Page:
HONOLULU (KHON2) — The fires on Maui have created a chaotic situation.
At this point, recovery crews are sifting through the ashes to locate bodies and to determine the extent of the damage, both to life and property.
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This has led to a bit of chaos when it comes to whether or not you need to travel to Maui for a holiday or vacation.
So, should you continue with your plans and go to Maui?
The best answer is, that it depends on where you are going.
According to the Hawaii Lodging and Tourism Association, there is a great deal of chaos swirling around both the short term and long-term impacts of the fires.
“There’s still too much uncertainty to accurately assess the condition of the affected areas, let alone the state of the visitor industry or the status of specific hotel properties and attractions,” said Mufi Hannemann, President and CEO of HLTA.
As of Wednesday, Aug. 16, Maui County Officials provided updates on how the fires are doing:
- The Upcountry/Kula fire, which was first reported on Tuesday, Aug. 8, is 75% contained. There has been an estimated 678 acres impacted by this fire. There continue to hot spots in gulches, forests and other difficult to reach locates; this includes land divisions and fences that make it difficult to establish complete control.
- The Lāhainā fire, which was first reported on Tuesday, Aug. 8, is 85% contained. There has been an estimated 2,170 acres impacted by this fire. There continue to be multiple crews that are assigned to monitor and address hot spots and flareups.
- The Pūlehu/Kīhei fire, which was first reported on Tuesday, Aug. 8, is 100% contained as of Saturday, Aug. 12. The Maui Fire Department does have personnel assigned to this area to ensure there are no flareups. There is no estimate on how much acreage was impacted.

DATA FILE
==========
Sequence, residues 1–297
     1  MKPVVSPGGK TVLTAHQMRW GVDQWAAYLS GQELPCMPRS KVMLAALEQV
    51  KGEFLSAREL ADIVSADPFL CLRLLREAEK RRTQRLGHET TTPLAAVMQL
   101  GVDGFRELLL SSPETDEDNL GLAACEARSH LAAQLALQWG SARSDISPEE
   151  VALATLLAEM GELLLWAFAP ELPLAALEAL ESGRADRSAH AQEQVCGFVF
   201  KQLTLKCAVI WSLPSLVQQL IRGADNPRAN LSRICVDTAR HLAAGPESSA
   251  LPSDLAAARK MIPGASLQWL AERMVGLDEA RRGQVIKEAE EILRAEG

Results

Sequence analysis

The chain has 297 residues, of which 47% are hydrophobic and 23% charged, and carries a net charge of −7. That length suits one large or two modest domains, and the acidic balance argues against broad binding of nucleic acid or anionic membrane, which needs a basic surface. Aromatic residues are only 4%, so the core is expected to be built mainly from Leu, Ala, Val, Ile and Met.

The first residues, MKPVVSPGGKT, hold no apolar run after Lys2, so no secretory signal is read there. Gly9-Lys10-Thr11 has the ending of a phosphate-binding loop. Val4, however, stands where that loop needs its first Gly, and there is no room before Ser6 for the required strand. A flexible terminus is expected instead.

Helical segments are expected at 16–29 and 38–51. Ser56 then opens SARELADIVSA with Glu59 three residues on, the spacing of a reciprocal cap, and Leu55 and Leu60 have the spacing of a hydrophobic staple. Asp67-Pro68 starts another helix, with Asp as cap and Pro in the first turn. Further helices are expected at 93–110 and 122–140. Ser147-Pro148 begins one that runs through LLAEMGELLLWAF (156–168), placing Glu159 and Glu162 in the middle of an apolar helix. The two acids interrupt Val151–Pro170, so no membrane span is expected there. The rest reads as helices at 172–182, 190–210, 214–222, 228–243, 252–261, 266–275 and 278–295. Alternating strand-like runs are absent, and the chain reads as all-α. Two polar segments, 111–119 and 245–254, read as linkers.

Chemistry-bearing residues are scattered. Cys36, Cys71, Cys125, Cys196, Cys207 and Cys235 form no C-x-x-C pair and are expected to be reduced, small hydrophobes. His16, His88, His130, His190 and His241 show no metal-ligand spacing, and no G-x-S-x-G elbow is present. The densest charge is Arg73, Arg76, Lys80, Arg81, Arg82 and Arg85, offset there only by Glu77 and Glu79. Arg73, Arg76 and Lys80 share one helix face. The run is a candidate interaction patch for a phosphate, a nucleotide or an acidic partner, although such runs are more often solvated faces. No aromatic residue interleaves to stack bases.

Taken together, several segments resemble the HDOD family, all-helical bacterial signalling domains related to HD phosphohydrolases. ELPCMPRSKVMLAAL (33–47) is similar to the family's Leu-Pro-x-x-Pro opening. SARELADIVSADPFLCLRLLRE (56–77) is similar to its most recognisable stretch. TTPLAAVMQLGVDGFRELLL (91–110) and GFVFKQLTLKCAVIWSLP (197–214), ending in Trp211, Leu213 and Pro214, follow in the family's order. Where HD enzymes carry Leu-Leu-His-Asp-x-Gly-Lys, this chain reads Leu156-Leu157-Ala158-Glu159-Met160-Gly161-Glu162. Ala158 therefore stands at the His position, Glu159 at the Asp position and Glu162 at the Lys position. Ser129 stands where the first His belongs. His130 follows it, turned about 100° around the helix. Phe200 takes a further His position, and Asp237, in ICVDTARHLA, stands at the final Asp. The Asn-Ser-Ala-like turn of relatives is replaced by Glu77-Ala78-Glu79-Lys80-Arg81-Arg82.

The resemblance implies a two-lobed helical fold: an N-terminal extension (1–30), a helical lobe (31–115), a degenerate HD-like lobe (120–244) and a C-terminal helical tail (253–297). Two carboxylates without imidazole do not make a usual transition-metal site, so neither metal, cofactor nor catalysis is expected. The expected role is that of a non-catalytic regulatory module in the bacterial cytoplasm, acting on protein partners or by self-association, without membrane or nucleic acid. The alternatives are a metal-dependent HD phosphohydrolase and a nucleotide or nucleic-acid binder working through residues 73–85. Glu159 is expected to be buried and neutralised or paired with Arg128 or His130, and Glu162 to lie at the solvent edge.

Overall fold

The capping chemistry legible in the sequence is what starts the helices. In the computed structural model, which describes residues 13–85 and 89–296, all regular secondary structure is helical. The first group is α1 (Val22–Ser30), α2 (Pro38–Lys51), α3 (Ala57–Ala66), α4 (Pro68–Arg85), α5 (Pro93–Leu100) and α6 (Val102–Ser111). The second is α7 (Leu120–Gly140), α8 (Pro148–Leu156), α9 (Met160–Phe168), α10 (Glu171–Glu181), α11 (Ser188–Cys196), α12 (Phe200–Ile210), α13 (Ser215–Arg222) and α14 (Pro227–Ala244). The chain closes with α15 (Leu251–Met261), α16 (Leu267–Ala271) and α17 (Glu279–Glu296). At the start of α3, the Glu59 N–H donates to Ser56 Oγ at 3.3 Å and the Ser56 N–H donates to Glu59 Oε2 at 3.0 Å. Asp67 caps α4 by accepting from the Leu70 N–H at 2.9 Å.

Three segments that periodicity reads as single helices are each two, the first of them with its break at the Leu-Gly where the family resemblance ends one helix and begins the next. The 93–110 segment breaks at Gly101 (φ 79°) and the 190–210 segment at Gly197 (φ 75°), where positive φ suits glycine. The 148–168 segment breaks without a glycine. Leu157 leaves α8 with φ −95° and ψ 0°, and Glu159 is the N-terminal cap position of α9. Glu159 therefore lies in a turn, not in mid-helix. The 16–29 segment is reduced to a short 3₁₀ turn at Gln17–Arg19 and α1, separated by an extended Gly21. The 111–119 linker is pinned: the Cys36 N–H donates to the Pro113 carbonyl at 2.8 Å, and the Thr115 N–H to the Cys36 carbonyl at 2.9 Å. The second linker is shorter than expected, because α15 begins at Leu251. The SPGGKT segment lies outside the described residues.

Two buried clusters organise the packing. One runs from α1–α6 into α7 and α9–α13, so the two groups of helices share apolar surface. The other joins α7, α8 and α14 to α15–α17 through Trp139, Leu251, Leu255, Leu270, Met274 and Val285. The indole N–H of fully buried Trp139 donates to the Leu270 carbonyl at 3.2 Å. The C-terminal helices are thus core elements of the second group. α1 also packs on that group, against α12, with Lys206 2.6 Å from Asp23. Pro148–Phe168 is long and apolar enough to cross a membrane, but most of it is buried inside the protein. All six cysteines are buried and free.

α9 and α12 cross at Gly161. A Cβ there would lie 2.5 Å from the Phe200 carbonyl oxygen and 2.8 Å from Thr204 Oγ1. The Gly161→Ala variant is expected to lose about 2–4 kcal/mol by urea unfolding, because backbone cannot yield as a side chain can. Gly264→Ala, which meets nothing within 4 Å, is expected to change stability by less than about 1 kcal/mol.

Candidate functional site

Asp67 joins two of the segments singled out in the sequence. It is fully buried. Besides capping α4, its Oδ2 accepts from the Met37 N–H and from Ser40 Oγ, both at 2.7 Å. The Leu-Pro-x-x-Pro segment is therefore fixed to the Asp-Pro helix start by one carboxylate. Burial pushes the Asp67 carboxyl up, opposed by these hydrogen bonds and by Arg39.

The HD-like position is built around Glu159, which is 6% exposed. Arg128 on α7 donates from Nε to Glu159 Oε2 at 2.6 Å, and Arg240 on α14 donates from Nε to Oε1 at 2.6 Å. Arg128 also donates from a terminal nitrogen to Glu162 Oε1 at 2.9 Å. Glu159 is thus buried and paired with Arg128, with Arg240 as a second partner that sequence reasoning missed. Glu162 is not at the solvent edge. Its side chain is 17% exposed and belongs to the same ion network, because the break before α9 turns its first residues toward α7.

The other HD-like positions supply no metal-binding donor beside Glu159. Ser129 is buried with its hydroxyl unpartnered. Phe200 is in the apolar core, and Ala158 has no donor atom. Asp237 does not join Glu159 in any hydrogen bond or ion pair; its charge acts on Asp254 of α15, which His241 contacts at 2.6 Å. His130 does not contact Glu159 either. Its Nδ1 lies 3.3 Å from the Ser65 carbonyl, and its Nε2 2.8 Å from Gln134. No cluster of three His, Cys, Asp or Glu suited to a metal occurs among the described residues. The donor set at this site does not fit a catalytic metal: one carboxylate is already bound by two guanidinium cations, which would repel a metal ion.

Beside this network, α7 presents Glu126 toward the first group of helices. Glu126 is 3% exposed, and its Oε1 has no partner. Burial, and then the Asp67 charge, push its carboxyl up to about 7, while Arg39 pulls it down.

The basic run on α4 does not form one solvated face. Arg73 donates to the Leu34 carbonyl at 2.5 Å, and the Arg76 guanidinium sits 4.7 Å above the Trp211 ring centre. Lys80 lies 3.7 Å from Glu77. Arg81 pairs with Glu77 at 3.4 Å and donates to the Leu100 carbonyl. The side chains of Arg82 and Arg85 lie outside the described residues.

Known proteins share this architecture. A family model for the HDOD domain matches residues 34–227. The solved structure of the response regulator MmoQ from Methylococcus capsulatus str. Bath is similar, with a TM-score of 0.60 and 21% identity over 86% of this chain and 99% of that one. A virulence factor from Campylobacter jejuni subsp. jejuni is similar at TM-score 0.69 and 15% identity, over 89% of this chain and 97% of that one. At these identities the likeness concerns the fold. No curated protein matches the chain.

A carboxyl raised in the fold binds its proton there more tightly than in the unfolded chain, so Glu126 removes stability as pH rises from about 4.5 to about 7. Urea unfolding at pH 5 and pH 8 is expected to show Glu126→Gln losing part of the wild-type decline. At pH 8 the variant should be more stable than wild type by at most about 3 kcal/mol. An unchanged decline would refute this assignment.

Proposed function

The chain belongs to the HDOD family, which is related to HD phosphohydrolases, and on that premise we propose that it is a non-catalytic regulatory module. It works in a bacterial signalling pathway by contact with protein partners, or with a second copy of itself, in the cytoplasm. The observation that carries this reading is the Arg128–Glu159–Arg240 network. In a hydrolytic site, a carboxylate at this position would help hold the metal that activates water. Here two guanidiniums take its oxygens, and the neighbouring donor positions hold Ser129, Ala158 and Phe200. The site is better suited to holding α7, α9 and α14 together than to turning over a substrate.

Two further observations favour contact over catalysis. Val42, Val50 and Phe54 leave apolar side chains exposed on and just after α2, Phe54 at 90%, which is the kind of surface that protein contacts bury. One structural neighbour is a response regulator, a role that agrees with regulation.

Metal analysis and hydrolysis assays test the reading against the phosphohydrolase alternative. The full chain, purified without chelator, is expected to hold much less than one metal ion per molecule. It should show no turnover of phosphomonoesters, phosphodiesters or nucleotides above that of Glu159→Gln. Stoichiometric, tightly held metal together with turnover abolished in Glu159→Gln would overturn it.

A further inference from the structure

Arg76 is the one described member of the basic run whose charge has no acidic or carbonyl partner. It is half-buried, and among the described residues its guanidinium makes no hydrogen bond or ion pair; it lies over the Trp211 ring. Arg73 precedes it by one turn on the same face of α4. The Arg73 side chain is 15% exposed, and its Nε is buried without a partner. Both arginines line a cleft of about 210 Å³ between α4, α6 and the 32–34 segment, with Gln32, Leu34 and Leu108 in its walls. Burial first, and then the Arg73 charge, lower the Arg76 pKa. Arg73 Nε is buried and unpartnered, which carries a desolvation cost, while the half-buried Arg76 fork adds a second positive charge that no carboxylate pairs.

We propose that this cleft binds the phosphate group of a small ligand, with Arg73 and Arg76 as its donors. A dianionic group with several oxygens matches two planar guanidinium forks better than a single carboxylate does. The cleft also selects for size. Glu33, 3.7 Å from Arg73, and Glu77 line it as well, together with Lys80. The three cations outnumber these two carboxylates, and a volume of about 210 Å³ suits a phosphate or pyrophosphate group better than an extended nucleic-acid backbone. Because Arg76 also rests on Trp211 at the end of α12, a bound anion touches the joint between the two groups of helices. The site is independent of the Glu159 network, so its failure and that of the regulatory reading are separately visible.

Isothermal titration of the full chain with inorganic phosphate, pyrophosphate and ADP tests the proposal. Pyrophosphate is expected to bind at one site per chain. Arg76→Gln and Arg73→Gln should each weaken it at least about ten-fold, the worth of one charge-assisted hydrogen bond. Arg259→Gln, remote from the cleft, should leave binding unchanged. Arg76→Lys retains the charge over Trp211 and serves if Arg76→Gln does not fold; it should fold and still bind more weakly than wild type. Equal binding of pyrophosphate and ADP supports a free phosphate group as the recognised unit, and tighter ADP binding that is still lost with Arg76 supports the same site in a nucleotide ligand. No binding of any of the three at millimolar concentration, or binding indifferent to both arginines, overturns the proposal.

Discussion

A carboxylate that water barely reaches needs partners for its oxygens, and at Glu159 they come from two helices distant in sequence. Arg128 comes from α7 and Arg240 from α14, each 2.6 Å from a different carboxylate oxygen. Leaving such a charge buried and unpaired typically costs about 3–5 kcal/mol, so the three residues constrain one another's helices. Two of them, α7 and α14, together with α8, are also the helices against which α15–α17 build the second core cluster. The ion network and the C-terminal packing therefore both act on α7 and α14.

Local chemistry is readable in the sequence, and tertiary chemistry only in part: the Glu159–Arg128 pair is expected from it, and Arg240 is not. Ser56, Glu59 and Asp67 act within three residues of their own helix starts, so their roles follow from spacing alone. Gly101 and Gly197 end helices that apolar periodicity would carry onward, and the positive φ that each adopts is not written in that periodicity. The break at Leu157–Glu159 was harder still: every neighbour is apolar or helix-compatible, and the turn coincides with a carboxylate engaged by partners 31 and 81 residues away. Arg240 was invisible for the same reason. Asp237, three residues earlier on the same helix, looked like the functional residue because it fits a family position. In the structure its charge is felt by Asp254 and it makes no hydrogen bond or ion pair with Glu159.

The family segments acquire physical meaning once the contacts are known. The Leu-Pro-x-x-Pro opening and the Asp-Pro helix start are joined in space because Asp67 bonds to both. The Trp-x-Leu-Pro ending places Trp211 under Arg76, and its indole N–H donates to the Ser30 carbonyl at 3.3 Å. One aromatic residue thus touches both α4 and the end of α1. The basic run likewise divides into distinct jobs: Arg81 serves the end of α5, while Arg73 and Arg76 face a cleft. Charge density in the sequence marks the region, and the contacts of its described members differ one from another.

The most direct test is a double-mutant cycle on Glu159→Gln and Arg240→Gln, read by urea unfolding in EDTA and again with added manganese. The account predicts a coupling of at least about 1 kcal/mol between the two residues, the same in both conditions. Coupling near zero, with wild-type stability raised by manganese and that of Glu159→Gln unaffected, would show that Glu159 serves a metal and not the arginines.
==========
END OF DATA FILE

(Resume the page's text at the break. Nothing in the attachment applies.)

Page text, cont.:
- The Puʻukoliʻi / Kāʻanapali fire, which was first reported on Friday, Aug. 11, was fully extinguished by Saturday, Aug. 12. There was one acre impacted by this fire.
Maui Officials said that the National Guard is maintaining two military helicopters to address immediate fire related needs.
In considering going to Maui for your holiday, remember that as the fires continue to burn in some locations, full telecommunication’s services still have not been restored.
Hence, extra usage for you to upload photos of your holiday or use of communications to make phone calls and utilize email/internet are going to tax an already overtaxed system that locals need.
Then there are the displaced individuals and families that need accommodation. As of Tuesday, Governor Josh Green, M.D. announced collaborations with hotels and Airbnb to provide shelter. This will reduce the number of recreationally focused rooms available to visitors.
“Hoteliers tell us they’re overwhelmed at the moment, largely because of the human toll of the disaster,” explained Hannemann. “Many workers and their families are suffering, directly or indirectly.”
Finally, there are the pleas from locals.
Some parts of Maui are still open, although they are laden with evacuees. One resident put out a plea on Instagram in which he said that the other parts of Maui that are still open and in need of tourists to come since this is how they make their livelihood.
Another Maui resident, Sophia Long, said, “The same waters that our people just died in three days ago are the same waters the very next day these visitors – tourists – were swimming in.”
So, even amongst residents, there is not a consensus on what do to.
The governor also addressed the fact that those who go into Lāhainā risk trampling on the ashes of those who were lost to this fire.
So, the answer to whether you should travel to Maui is not as straightforward as we’d like it to be. Consider these questions as you determine whether you are going to cancel your plans or keep them:
- When you consider your already-booked plans, think about where you will be going and what impact your presence will make on the locals who continue to suffer.
- Will you be in the way?
- Will you be taking valuable and sometimes limited resources away from the locals that are impacted?
- Does your planned trip have the potential to offend the locals? (i.e. taking a boat tour of Lāhainā to gawk at the damage, swimming in the water where locals died trying to flee the fires, etc.)
- Does your planned trip include volunteering to help with recovery and will your help be welcomed or will your help simply be a part of the cacophony that is already there?
- Will your trip help with Maui’s economic recovery? Will a donation — i.e. the cost of your holiday, funds allocated for meals can be used to purchase meals via delivery service from local restaurants to feed first and emergency responders on Maui, etc… — be a better way to help with that recovery?
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Be cognizant of the situation that is occurring on Maui and determine how your holiday will impact what locals are experiencing.